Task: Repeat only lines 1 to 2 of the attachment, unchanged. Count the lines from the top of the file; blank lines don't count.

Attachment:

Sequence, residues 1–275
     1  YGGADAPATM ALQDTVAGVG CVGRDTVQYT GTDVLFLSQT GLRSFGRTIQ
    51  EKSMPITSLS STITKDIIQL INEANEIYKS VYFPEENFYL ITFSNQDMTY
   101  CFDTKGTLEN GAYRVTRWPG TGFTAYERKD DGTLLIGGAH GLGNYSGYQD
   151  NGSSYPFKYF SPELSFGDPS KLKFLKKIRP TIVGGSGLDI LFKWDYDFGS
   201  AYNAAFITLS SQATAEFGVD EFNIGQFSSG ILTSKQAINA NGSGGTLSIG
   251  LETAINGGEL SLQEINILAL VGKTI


Sequence, residues 1–275
     1  YGGADAPATM ALQDTVAGVG CVGRDTVQYT GTDVLFLSQT GLRSFGRTIQ